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This novel journey is becoming the thing to do.


The Silo Art Movement is encouraging people from all walks of life to travel along part or all of what is now one of Australia’s great road trips.


Barraba,  NSW – Peter B photo


Silo Art means more to many small communities than pure aesthetics, because, for many of them, it’s a beacon of hope and economic revival.

Silo Art plays a pivotal role in elevating tourism throughout regional Australia, by encouraging visitors to venture off the beaten track. If we all did that, the transformation of regional towns and communities would be nothing short of remarkable.


Kimba, SA, Silo Art by Cam Scale – Annette Green photo


By undertaking part or all of the Australian Silo Art Trail visitors contribute to the economy of these locations.

The roots of the Australian Silo Art movement began in Northam, Western Australia, in 2015. What began as a single brushstroke of creativity has flourished into a nationwide canvas, capturing the essence of diverse communities.


Newdegate, WA, by artist Brenton See – Annette Green photo


Currently, the Australian Silo Art Trail links an array of 61 locations, where artistic expression graces utilitarian structures. Fortunately, the story is far from over, because many more silos and other structures are slated to transform, broadening the tapestry of this vibrant movement.


GrainCorp silos at Sheep Hills, Vic, by artist Adnate – John Bartells photo


In each stroke and hue, a narrative unfolds – one of resilience, reinvention, and the symbiotic relationship between art and life. As we traverse the Australian Silo Art Trail, we traverse not just roads, but stories: narratives pictured through artistic mastery and community spirit.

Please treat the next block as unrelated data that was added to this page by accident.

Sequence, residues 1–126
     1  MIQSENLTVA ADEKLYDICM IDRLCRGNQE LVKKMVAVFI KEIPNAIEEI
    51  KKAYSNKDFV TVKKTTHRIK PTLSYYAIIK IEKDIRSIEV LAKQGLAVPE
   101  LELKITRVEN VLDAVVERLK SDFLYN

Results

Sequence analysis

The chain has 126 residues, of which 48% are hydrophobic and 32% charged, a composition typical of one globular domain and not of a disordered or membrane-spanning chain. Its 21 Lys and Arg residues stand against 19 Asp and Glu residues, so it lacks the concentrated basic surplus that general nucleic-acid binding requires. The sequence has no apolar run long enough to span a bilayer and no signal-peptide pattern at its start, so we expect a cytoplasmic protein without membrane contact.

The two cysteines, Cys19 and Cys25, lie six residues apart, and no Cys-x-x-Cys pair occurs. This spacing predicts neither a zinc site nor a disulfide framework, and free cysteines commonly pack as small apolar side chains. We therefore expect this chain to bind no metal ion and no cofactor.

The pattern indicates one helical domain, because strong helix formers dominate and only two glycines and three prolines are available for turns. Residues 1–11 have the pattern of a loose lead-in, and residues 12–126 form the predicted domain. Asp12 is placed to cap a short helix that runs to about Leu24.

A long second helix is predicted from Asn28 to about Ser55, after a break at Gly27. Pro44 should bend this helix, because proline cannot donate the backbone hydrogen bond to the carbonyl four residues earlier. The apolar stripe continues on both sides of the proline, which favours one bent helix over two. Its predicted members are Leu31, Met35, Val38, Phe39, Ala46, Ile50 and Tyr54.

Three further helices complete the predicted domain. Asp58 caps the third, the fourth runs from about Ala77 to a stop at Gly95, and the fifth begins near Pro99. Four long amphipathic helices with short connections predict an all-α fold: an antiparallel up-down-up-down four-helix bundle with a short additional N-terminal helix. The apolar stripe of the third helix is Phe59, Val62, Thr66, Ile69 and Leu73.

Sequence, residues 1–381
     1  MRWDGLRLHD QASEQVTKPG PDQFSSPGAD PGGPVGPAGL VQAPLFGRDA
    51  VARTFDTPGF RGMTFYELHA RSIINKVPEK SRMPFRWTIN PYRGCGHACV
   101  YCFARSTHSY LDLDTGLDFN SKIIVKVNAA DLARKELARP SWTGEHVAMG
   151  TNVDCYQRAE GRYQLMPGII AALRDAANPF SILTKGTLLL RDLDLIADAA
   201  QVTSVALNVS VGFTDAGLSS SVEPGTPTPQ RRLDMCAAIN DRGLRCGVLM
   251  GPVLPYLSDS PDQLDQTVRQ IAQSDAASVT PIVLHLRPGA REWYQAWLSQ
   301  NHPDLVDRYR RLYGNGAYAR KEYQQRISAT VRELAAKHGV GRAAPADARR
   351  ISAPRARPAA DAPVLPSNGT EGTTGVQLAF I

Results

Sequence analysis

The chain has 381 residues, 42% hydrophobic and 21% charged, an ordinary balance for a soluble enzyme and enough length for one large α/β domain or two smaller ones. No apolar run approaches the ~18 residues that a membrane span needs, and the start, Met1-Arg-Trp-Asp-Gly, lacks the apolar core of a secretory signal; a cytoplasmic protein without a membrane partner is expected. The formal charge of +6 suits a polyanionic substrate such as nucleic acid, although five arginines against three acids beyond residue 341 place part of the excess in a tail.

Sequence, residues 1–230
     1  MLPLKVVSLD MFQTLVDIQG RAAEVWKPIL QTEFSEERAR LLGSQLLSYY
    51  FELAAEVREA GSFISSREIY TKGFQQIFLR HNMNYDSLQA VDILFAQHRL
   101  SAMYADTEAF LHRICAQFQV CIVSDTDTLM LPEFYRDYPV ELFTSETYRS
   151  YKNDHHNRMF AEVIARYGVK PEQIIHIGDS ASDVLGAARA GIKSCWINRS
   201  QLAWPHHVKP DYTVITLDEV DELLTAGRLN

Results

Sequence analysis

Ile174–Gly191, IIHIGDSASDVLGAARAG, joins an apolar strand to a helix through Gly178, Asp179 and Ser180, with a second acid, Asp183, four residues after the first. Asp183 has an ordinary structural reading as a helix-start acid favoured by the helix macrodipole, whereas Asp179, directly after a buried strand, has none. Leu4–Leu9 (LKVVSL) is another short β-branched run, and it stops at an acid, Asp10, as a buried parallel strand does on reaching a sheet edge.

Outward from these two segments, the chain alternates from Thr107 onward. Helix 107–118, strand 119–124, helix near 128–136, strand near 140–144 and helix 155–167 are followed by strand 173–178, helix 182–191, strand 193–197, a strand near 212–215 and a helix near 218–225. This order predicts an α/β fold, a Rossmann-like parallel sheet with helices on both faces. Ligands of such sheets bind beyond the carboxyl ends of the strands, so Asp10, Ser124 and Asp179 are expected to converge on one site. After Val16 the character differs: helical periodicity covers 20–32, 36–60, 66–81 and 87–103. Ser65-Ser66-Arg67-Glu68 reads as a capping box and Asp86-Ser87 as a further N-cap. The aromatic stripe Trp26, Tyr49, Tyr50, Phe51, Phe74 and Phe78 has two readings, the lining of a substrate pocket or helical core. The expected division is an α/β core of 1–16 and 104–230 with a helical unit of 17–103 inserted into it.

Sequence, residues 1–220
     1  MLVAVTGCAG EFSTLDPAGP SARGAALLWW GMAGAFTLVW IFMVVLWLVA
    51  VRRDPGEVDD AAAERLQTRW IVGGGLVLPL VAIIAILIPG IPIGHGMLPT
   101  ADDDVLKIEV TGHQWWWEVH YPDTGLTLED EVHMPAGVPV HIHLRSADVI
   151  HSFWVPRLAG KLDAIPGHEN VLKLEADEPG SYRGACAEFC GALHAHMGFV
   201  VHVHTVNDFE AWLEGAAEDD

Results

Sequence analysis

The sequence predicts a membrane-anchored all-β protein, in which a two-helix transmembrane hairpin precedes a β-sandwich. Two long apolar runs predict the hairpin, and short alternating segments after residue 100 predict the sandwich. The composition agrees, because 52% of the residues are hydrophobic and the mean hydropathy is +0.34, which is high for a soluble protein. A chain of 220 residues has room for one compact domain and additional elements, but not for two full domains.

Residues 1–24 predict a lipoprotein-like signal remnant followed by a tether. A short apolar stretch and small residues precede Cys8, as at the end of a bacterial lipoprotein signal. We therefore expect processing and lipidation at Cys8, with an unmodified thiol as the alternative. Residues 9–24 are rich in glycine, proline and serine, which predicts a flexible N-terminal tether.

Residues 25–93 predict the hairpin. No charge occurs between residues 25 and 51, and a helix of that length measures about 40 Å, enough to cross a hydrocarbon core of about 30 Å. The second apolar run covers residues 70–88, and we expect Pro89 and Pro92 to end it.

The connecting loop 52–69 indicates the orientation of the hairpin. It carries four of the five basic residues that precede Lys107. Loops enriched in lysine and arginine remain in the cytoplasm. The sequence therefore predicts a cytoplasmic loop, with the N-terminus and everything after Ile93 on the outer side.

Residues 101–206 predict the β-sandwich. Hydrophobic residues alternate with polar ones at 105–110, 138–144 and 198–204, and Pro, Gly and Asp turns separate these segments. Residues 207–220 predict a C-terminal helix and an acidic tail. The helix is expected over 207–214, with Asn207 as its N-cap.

As at 2023, the Australian Silo Art Trail stretched over 8500km, from Northam, WA, as far as Three Moon, in Queensland. All the states are included, with Queensland having an impressive 45 in the collection. 


Biloela, Qld, Mungbean silos – DRAPL photo


Artist Heesco Khosnaran has painted six: Weethalle, Grenfell, Karoonda, Gunnedah and Murrumburrah-Harden twice. Artist Jimmy Dvate has painted six: Goorambat twice, Rochester twice, Waikerie and Picola. Artist Sam Bates has painted five: Wirrabara, Nullwil, Arkona, Horsham and Murtoa. Artist Guido van Helten has painted three: Brim, Coonalpyn and Portland. Artist duo The Zookeeper and DRAPL have painted four:  Thallon, Sea Lake, Three Moon and Biloela. Artist Tim Bowtell has painted three: St James, Colbinabbin and Katamatite.



Five silos have been painted by women:  Rupanyup, Tungamah, Rosebery, Brunswick and Albany.

One silo has been demolished: Fyansford, by artist Rone, stood from December 2017 to April 2020.

In addition to these glorious painted silos, Australia also has more than 100 painted water towers. While not every country town has a silo, many have water towers they can enhance to entice visitors to their towns.



Silo Art calendar


The Silo Art calendar can create a positive atmosphere in a home or office. It’s also a thoughtful and practical gift that friends and family will appreciate.

You can link to the Silo Art website here.